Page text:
In honor of No Man's Sky, a game I love to death in theory but have found myself fading from rapidly after its second week on my system, I've been thinking about other games I can recall being very very excited for that I ended up almost immediately discarding for one reason or another.
The first that springs to mind is The Witness. Turned out, my brain is not built for solving puzzles in three dimensional space. The first time I was presented with a puzzle that involved the trees in the environment, it took me four days to figure it out. Several times I came upon a puzzle set that I would breeze through two or three examples before hitting an insurmountable road block further down the chain. I scoured most of the island and, at some point, found no more "easy" level puzzles and just deleted the game from my hard drive.
Another is Tropico 5. I really had no idea what the game was but when it became a free PS+ game I was intrigued by the idea of a city/resort builder on PS4. So was my girlfriend. Unfortunately, we found the tutorial impenetrable and deleted the game within ten minutes.
Day of the Tentacle / Grim Fandango Remastered are a pair of games I had ultimate hype for, being that I'd played the DotT demo included with the Mac version of Full Throttle dozens of times and never owned a PC to play Grim Fandango on, but after an hour or two with both I felt equally satisfied with the experience and broken by the old adventure game logic. I've played a good number of adventure games but it's been a while since it was en vogue and, unless it's games I have completely memorized (probably just Full Throttle, The Dig and Monkey Island 3) I just don't think I can play them anymore. Some day when there isn't much else I'm interested in playing I'll definitely boot these up with a guide and play along to it with the commentary running. Which reminds me, I also thought I'd be really into Broken Age until, after a couple hours, I just wasn't.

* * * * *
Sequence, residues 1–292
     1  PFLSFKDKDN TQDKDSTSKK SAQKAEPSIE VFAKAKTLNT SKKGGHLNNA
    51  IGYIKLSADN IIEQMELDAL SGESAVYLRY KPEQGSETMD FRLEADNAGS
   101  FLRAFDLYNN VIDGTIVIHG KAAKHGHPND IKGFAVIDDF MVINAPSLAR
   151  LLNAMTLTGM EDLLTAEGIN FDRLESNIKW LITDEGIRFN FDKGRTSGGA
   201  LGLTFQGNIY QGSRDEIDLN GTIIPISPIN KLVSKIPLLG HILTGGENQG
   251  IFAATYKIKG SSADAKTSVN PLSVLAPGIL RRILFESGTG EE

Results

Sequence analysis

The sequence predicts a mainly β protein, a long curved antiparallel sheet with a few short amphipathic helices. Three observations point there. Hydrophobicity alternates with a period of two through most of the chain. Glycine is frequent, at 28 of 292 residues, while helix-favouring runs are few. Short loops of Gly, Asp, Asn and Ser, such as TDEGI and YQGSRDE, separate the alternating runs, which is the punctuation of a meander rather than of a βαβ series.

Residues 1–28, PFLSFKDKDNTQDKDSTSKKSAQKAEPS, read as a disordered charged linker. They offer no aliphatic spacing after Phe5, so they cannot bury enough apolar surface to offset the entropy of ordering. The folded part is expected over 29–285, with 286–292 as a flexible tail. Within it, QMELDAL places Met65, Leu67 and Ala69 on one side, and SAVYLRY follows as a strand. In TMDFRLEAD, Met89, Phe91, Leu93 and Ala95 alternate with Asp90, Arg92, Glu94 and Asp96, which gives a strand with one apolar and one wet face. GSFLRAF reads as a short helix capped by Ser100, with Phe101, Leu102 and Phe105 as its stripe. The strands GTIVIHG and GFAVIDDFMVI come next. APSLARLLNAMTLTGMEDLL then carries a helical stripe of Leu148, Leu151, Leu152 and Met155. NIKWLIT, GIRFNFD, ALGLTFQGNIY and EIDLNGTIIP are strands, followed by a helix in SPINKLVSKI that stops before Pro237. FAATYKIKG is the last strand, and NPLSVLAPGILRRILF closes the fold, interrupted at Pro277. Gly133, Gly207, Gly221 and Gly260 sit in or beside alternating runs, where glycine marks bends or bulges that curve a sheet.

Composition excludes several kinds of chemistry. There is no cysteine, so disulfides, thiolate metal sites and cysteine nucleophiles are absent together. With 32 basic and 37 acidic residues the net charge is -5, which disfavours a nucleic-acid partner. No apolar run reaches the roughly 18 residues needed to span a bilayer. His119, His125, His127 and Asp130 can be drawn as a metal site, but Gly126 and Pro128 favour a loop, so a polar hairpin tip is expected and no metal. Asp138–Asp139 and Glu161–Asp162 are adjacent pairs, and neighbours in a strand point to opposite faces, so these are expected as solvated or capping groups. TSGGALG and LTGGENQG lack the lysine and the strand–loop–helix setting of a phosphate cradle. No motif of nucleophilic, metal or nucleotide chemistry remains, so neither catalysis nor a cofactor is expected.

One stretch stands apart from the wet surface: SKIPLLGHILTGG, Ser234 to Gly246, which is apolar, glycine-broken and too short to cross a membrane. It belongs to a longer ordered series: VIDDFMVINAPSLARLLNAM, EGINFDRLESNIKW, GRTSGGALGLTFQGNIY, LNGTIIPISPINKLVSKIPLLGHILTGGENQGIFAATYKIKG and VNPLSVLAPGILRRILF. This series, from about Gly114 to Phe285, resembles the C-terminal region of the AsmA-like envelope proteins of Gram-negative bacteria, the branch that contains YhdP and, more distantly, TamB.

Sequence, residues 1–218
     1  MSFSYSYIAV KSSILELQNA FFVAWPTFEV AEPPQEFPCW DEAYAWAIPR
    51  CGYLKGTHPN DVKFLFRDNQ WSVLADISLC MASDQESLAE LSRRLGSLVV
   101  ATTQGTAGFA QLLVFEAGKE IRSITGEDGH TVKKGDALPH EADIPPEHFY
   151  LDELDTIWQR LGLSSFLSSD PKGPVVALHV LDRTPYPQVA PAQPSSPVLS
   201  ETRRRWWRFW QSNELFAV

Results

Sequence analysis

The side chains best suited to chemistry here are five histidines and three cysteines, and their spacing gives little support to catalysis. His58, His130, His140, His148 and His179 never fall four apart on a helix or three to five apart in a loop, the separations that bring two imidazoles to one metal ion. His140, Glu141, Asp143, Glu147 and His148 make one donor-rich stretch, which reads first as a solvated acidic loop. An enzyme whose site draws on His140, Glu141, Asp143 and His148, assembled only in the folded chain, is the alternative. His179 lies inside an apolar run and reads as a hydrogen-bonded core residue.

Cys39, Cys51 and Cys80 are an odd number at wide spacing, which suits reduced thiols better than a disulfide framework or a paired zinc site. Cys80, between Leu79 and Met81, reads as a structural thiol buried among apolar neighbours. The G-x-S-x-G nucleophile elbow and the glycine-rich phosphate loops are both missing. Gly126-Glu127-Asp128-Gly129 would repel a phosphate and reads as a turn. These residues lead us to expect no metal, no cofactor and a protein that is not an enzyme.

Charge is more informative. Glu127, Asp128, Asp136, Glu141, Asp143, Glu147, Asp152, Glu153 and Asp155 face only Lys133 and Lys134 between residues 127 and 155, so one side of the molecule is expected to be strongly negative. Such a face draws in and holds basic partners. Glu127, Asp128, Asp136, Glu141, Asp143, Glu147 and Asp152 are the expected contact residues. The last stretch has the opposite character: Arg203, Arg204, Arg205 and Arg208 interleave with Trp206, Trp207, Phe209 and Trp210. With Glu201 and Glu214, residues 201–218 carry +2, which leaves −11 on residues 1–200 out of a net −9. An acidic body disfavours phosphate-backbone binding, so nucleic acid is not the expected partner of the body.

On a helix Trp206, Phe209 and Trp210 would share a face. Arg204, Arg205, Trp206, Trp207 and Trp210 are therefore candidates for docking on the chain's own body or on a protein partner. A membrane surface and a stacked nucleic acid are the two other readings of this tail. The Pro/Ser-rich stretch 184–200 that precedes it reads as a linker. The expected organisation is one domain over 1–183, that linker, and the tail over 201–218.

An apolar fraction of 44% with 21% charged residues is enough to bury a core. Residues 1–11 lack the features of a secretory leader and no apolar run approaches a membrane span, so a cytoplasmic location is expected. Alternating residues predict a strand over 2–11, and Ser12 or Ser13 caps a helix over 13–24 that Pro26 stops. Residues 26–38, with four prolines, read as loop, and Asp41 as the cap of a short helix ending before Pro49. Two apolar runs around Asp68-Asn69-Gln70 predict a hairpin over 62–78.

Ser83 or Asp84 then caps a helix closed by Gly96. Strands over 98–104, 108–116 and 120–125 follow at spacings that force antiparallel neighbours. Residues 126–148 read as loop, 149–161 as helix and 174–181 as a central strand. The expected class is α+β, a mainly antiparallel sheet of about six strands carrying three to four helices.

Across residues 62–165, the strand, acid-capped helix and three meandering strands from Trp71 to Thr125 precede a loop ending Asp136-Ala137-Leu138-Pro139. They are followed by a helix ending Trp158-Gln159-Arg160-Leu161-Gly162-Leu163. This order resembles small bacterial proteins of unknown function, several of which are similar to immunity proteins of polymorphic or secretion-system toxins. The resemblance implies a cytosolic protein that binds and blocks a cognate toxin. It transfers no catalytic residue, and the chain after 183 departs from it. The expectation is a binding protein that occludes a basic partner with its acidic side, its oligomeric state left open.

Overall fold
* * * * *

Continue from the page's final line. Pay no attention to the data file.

Lastly, I'll mention Bioshock on PS3. Granted, by the time I'd come to it I knew all the twists and turns, themes and had seen a lot of the art in screenshots, so for me it was more of an exercise in experiencing something held to such high praise by others while knowing it wouldn't be such a revelation for me. What I didn't expect was the odd control scheme, or the weirdly difficult normal combat, or the brutal Big Daddy encounters. In two or three hours I likely died over 20 times, and resigned myself to the fact this was a game I'd likely never complete and that, for all its minor flaws, Bioshock Infinite was my preferred mode of Bioshock.